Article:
Cryostat sections are much faster to prepare than paraffin sections.
Adjacent sections can be subjected to variety fixatives, IHC, histochemistry etc. Eliminates the secondary fixation that occurs in paraffin processing in the alcohols etc.
Gold standard for some types of histochemisty such as lectin binding with unfixed sections.
Sections can be picked up directly on glass microscope slides.
Tissue for cryostat sectioning can be fresh tissue or fixed tissue.
Technically more difficult and you do need a cryostat
Freezing must be carefully controlled to prevent ice crystal formation.
Only relatively small pieces of tissue can be frozen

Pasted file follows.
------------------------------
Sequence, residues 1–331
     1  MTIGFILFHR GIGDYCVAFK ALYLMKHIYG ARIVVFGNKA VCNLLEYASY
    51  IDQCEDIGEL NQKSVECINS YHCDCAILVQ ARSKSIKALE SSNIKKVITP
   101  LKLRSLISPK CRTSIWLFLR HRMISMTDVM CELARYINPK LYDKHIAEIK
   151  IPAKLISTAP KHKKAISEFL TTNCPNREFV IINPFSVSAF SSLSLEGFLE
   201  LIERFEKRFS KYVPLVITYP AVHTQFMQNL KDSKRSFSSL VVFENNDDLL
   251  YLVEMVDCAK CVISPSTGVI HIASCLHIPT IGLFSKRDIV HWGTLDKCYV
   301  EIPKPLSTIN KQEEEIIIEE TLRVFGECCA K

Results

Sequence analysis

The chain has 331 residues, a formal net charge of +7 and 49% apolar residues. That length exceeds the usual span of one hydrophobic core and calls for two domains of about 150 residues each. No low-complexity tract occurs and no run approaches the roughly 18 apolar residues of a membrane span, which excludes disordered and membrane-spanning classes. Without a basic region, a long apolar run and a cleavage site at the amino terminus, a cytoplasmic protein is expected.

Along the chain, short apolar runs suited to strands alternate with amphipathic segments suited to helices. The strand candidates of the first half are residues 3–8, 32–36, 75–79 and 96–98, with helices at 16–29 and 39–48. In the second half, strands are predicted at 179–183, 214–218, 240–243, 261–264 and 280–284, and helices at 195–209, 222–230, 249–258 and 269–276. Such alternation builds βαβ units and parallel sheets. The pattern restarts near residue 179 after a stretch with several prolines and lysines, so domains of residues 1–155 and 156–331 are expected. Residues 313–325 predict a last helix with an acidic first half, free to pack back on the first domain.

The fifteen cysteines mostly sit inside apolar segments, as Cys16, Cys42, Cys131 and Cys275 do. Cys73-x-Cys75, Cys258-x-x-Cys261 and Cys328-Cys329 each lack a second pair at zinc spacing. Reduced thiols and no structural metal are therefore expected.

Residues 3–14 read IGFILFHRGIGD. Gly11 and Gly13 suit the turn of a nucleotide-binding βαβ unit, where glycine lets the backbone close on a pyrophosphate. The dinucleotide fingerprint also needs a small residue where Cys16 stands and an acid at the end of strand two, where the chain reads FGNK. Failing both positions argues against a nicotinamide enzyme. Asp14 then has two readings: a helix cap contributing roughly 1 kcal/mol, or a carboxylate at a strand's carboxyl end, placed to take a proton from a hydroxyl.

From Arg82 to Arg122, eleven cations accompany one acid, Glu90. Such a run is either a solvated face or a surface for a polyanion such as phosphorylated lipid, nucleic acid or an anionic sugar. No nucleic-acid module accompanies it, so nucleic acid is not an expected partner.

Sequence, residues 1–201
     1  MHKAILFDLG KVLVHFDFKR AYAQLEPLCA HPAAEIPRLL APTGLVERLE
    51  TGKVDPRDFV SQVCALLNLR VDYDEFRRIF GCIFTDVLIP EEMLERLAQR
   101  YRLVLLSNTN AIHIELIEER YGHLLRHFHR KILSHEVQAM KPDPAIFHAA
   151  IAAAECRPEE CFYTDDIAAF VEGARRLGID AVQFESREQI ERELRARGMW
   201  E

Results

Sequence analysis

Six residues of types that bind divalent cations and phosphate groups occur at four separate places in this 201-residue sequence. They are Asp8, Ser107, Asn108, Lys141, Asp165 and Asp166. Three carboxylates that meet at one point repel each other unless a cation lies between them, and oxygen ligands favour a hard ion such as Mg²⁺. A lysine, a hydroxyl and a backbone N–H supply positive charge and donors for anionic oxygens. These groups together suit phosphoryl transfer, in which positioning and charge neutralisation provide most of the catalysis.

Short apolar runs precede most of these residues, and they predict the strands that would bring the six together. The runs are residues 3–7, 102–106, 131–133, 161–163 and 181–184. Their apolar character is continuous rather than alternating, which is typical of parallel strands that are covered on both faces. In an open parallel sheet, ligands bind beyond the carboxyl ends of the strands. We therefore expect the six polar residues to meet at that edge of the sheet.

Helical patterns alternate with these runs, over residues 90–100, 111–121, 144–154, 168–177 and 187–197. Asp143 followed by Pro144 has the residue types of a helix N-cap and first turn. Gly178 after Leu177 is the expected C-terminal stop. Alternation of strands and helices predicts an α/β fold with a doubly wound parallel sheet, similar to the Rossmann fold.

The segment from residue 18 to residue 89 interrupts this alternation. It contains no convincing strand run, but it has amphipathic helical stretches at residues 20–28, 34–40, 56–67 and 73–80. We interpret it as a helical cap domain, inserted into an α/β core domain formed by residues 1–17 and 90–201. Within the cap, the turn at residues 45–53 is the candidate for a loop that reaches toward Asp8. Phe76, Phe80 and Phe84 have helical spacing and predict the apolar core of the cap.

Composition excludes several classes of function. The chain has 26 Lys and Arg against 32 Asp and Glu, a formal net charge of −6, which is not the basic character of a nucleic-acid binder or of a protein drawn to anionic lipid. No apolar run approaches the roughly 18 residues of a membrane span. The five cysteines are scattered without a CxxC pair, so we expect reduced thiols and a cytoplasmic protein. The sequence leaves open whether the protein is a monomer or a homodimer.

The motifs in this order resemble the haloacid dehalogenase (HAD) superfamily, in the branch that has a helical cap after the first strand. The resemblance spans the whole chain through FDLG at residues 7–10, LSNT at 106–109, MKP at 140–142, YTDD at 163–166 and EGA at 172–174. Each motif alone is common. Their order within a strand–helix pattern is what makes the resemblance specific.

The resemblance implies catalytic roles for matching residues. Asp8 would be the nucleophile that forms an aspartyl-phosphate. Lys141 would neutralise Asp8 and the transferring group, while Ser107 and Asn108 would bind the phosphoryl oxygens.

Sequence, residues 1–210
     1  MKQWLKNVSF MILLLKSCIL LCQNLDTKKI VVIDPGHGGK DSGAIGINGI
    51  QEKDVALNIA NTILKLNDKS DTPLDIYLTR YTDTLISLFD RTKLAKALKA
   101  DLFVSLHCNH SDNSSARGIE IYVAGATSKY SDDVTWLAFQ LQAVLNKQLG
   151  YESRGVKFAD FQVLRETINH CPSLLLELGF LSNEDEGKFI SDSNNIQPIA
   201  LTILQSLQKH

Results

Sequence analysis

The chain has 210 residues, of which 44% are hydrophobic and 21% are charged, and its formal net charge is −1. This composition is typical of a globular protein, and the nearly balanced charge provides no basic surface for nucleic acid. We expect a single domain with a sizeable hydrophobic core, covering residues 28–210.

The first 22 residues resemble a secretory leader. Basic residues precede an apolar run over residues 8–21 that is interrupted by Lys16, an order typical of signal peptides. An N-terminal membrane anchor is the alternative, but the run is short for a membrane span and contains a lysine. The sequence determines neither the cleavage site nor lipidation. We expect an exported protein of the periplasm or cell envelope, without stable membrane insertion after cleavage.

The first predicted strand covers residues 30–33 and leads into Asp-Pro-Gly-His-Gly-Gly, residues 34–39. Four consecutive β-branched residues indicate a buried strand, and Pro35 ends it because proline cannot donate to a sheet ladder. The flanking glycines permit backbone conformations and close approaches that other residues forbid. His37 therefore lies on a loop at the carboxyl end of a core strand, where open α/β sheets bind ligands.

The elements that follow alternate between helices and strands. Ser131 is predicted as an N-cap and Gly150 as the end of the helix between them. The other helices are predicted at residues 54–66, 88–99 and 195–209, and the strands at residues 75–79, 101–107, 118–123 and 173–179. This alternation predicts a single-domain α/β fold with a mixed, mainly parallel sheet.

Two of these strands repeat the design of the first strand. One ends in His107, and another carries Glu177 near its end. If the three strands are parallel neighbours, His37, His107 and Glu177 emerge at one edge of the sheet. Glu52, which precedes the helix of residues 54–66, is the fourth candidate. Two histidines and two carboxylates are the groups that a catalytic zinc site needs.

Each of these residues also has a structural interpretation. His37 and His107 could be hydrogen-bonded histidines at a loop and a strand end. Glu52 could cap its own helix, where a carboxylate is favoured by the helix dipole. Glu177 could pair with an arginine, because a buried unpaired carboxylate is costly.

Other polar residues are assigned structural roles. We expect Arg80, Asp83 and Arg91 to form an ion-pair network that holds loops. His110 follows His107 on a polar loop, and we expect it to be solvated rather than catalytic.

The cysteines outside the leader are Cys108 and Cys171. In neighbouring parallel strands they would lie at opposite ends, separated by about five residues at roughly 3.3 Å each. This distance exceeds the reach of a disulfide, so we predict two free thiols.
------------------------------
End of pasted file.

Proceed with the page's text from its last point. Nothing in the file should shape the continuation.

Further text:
Sometimes difficult to maintain tissue orientation
Costly to store both the blocks and the sections.
Due to the much smaller amount of shrinkage (2-5%), stained sections have a more open appearance and some pathologists may not be able to directly compare this with the appearance of stained paraffin sections.
From: Jocelyn Torcolini [mailto:firstname.lastname@example.org]
Sent: Wednesday, July 02, 2003 12:33 PM
I have a few questions about cryostat sectioning.
In what situations is a cryostat better than regular paraffin processing, and why?
How do you get cryostat sections to stick to a slide for staining?
Do you need to fix tissue for cryostat in paraformaldhyde/sucrose solution? Can you section fresh/frozen tissue?
Thanks in advance,
Electron Microscopy Facility
1 Frear South Building
University Park , Pa 16802
Phone (814) 865-0212
<< Previous Message | Next Message >>